We were going to do it. Friends warned me that the new mothers get terrified and sob the whole time. My parents hadn’t had one for my brother. But we were going to do it: our newborn son would have a bris.
In some ways, this seemed rather laughable; my husband and I are not the most religious Jews in the world, though I do have a fairly strong sense of tradition. However, we did want to provide our son with his Jewish heritage early on. So we jumped on the Brooklyn parent websites and looked for mohels that people had suggested.
We found a rather unconventional one: a female pediatrician who is also a mohelet (a female mohel), Dr. Dorothy Greenbaum, who came highly recommended by another couple. And we liked her philosophies. Her husband worked with us on the details of the ceremony, as he was the historian in the household. We talked through the ceremony. We would be naming our son after my husband’s grandfather. The Hebrew name that we had chosen would also be able to honor my husband’s two great-grandfathers and my grandfather. We chose some sendakim (family elders whose traits you would like the child to inherit) to participate…and then he told us to pick godparents.
What? He had to have gotten that wrong. Or my 40th week of pregnancy was now, officially, playing tricks on my hearing. Jews don’t have godparents. I didn’t. My husband didn’t. No one that I could think of did. Were fairy godmothers with glass slippers and pumpkins coming to my son’s bris?
The What?! Parents
In the Jewish tradition, Dr. Greenbaum told me, godparents are primarily an honorary role used by the Reform and progressive movements to find ways to be inclusive and help families bond to Judaism. During a bris, the role of the Jewish godparent was to escort the little boy to the mohel.
This was perfect for us. We are both Reform Jews and we even wrote into our ketubah (marriage contract) the importance of having an inclusive and tolerant home. So we started to choose godparents. My brother was going to be one of them but would be, at the time of the bris, back at his home in China. His fiancée is not Jewish but we wanted her to step in for him as she would soon be his aunt. So we asked the mohel if that would be okay. She exclaimed that it would be wrong not to include her.
Doling Out the Magic Wands
Okay. We got it this time. So the first godparent was my brother with his fiancée stepping in for him. My brother’s relationship with Judaism was not always smooth. However, Dr. Greenbaum explained that while in Christianity, godparents need to be in good Christian standing, must swear an oath, commit to a lifetime of helping to raise the child in the Christian faith, and are even the legal guardians for the child in the event that the parents pass away, in Judaism, godparents are not required to be Jewish and are not legally bound to be the child’s guardian in the event of the parents’ deaths. It is truly more of an honor.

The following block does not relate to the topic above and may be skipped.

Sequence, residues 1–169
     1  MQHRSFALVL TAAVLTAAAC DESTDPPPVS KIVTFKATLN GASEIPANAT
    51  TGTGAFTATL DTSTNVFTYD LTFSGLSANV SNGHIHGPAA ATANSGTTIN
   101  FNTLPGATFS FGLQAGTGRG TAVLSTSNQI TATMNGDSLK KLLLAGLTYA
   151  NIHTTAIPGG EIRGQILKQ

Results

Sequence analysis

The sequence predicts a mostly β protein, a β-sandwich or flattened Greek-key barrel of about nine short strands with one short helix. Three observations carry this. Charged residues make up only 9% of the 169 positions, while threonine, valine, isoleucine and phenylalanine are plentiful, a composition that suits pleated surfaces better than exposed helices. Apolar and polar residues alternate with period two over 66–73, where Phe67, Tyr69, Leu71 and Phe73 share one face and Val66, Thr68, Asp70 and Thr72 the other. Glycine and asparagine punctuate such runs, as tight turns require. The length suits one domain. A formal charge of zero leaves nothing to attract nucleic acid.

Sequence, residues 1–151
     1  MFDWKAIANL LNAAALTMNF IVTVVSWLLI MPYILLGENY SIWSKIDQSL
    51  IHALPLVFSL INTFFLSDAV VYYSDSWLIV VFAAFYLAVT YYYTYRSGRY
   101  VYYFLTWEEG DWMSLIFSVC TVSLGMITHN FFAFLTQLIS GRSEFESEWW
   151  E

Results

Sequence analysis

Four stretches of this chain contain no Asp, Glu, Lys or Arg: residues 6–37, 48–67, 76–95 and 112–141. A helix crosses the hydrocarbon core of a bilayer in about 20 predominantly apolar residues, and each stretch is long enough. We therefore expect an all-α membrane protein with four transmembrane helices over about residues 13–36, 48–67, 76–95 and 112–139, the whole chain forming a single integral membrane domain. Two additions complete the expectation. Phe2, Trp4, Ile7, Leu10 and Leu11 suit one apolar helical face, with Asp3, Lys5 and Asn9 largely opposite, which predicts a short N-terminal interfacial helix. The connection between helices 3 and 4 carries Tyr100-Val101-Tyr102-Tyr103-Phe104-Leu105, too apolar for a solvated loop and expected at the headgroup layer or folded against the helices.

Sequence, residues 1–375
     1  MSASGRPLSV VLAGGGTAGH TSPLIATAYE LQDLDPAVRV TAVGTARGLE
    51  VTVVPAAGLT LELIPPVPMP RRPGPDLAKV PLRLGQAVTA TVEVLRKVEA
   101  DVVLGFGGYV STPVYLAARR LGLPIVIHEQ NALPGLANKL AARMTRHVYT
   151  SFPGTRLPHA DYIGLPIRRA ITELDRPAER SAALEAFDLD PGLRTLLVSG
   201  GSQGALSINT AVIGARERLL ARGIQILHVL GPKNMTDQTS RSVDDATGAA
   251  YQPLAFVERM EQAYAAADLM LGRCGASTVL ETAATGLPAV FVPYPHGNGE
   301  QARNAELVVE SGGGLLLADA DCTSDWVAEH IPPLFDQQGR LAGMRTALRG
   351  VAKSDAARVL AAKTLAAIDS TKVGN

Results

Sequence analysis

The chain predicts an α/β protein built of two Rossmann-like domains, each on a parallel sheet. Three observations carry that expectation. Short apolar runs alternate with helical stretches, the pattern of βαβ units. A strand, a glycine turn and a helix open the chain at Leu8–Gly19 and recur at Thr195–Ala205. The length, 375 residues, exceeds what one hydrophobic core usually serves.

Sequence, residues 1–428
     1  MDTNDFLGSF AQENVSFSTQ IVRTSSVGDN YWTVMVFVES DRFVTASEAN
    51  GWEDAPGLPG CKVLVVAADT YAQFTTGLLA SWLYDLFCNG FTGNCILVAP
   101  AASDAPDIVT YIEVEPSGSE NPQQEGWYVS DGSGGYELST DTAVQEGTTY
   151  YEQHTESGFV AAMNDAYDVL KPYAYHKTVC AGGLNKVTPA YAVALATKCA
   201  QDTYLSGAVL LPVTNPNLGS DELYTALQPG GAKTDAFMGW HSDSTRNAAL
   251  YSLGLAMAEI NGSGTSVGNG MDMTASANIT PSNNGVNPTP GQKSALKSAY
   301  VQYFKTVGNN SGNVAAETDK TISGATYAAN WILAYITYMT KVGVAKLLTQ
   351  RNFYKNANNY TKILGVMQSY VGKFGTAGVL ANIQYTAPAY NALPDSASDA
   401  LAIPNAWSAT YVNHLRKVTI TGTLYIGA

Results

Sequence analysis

Regardless of my brother’s own beliefs, when I asked him to be the godfather, he happily agreed.
The second godparent was one of our closest friends. She had witnessed the ketubah signing at our wedding, spends every Passover at my parents’ seder, and had felt very connected to the baby before he was born, even having her own pet name for him in the womb.
We chose two more godparents: one of my husbands’ college roommates and his wife, at whose Jewish conversion ceremony I was asked to participate. They had given birth to a baby girl two days after us. Having had the intimate experience of being pregnant together, we already knew that we would be very close to one another’s children and having them as godparents to our son only solidified it.
Happily Ever After…
In a way, I felt like the four godparents were not unlike the idea of the honorary roles of huppah holders. The marriage canopy of huppah is meant to create a fragile but sacred space for the bride and groom. In my mind, I could see the four godparents creating a similar fragile but sacred space for my son as they escorted him to begin his journey into Judaism. Each of them would provide different perspectives: tradition and rebellion, rituals and companionship.
A month later, we also became the godparents to our friends’ daughter at her baby naming. She was already more to us than just our friends’ daughter, and our official honorary place in her life acknowledged that bond which was already there but hadn’t been named. And maybe that’s what godparents really are.
So, the bris was not traumatic for anyone. That’s right, not for our son, either. He didn’t cry the whole time, but simply lay on a soft pillow, loudly sucking on sugar water in his pacifier. Our new little family drew down blessings from the presence and participation of our parents, grandparents, other extended family as sendakim and friends and family as godparents, all squeezed into our Brooklyn kitchen. And while no one had wings on their backs, there was a powerful eight day old Prince Charming who had inspired this very enchanting moment.